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DIY Chicken Feed: Learn About Growing Natural Chicken Feed

At one point and time there was a common idiom, “will work for chicken feed,” which basically means a person would work for little to no compensation. Anyone who owns chickens knows that the idiom doesn’t really apply to raising a flock. Sure, they do a lot of work, such as lay eggs and turn our compost, but they still need to be fed and chicken food ain’t cheap! That’s where DIY chicken feed comes in. Yes, you can grow your own chicken feed. Keep reading to find out how to grow your own natural, homegrown chicken feed.

Why Grow Natural Chicken Feed?

Many people who raise chickens [1] allow the chickens to roam free range. That’s great if you have sufficient land, but even so, during the winter months the chickens still need to be fed. This can get pricey, especially if using organic food.

Then there are the burgeoning legions of city folks who are trying their hand at raising their own poultry. These folks can let their chickens run amok, but most people don’t. Why? Because while the free-range poultry can keep the weeds and pests down, they will also eat everything out of the veggie garden and pretty much destroy turf. Bye-bye nice yard.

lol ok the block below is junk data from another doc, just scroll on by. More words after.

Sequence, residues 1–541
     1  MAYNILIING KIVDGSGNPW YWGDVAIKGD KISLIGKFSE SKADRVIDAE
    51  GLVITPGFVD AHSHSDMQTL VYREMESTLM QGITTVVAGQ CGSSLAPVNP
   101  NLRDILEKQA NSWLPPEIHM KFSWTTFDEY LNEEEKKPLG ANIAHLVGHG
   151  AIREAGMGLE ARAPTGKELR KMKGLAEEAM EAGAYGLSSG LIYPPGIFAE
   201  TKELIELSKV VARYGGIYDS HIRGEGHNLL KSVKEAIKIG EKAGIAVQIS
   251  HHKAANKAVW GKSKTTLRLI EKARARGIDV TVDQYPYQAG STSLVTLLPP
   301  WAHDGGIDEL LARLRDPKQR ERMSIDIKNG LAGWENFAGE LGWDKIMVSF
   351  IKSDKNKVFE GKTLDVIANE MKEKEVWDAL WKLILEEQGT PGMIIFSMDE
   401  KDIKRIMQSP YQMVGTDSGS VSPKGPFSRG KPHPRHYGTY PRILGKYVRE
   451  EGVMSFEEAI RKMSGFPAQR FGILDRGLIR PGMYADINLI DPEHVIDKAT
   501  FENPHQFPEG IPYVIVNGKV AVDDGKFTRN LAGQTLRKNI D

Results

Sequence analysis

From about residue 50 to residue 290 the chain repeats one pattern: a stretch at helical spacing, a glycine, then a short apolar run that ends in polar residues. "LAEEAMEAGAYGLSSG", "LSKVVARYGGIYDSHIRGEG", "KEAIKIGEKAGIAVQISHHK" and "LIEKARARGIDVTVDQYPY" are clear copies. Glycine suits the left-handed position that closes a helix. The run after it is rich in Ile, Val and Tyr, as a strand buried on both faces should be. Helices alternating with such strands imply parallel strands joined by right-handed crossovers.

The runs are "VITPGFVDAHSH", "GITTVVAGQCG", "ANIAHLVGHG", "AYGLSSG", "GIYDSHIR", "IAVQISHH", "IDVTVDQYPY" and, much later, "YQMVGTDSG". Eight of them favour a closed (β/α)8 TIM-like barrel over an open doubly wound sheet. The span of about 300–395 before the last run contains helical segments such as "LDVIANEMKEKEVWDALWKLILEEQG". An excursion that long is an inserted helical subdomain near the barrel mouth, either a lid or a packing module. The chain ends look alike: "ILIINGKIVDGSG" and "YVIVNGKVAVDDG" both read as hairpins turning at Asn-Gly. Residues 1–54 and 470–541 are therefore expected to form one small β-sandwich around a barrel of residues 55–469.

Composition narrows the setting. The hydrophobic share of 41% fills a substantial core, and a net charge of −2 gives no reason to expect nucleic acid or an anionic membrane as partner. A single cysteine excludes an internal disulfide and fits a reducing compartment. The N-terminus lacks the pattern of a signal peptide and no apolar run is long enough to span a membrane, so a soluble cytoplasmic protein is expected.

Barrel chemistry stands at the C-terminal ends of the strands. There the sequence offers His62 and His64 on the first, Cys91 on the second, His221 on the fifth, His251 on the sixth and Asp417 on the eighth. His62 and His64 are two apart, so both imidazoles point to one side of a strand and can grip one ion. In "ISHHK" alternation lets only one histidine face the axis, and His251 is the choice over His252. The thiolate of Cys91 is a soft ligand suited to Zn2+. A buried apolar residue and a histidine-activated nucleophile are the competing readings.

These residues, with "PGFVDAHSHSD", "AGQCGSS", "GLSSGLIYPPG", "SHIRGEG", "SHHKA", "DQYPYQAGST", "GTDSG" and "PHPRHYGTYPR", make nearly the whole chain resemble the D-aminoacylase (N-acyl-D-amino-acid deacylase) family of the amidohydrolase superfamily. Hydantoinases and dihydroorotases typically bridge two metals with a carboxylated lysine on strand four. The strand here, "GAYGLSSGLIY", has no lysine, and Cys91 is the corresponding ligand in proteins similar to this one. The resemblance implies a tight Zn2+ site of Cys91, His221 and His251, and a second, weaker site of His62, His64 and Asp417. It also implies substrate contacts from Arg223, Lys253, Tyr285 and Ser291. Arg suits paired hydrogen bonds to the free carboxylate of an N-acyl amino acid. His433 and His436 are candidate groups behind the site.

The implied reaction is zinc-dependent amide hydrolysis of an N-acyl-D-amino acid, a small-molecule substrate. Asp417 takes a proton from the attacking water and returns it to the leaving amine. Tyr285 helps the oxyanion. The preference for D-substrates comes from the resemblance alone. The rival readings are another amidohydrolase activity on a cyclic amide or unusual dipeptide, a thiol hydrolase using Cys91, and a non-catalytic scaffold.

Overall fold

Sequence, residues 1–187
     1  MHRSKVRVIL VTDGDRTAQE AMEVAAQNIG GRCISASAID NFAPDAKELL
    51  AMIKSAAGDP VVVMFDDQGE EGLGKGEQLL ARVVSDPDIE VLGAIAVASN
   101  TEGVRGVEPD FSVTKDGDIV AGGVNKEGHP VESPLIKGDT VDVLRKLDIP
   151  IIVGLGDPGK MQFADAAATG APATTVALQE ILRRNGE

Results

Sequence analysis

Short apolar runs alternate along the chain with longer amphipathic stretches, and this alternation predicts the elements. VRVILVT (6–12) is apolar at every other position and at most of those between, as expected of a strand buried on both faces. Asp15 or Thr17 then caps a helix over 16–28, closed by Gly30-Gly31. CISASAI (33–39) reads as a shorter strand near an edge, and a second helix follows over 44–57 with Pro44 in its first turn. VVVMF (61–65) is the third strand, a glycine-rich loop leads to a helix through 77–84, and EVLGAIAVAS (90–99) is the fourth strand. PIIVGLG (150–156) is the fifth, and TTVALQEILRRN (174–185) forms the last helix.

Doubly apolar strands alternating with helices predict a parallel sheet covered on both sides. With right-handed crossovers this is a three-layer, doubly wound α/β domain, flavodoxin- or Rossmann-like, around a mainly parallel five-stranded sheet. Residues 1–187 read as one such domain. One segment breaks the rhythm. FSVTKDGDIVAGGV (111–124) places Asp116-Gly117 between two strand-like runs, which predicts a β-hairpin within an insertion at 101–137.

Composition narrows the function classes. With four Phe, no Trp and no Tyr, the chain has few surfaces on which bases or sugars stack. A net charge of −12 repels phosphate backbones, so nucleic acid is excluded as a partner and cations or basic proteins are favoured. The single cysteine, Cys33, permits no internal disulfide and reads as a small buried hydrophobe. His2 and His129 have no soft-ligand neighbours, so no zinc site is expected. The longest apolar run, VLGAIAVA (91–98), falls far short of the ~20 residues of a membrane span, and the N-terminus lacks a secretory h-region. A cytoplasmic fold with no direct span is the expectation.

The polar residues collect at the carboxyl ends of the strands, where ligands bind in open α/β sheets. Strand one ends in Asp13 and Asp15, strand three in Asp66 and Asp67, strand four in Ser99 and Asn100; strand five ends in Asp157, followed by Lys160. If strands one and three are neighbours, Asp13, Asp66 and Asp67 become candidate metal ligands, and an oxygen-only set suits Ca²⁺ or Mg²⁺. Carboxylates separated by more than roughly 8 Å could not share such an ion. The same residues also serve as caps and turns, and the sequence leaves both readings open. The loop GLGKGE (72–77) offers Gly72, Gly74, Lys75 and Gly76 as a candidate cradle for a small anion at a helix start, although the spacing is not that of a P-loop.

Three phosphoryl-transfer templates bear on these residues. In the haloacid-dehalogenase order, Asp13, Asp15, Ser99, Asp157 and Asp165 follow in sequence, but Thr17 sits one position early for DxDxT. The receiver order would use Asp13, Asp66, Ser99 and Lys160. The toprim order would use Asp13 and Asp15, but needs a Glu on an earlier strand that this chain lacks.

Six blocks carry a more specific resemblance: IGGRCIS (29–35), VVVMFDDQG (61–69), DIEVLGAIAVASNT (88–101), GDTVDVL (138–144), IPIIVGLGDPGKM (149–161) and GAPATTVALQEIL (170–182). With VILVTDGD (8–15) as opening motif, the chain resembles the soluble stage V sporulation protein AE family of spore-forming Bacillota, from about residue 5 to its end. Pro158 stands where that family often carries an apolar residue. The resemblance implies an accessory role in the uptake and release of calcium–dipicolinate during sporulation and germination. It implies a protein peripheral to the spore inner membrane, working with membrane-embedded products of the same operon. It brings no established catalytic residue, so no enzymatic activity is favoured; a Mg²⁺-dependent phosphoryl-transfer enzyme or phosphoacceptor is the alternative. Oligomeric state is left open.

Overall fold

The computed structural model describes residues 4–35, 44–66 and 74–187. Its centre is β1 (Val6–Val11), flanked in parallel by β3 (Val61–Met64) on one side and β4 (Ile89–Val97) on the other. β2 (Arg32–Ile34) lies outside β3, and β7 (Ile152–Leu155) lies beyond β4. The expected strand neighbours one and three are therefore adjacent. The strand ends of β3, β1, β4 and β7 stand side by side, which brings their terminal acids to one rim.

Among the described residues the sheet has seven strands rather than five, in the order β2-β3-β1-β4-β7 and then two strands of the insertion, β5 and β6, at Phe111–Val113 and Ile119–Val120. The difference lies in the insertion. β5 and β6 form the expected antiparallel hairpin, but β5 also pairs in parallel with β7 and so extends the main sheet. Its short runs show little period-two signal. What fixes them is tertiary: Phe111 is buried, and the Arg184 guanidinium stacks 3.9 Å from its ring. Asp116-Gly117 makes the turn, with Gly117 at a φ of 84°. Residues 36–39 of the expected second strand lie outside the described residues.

So while allowing the chickens free range to munch at will is ideal, it isn’t always practical. That’s why you need to grow your own natural, homegrown chicken feed.

How to Grow Chicken Feed Yourself

If you do have a veggie garden, grow a little extra for the flock. They love leafy greens [2] like:

While you’re growing extra greens for the flock, grow some pumpkins or winter squash for them as well. These will provide nourishment through the winter months when other natural food is scarce.

Also, grow amaranth [10]sunflowers [11]orach [12] and corn [13] for your feathered friends. Once the seedheads are dry, you will have nutritious seeds from these crops that can easily be threshed by hand and stored in airtight containers for the winter.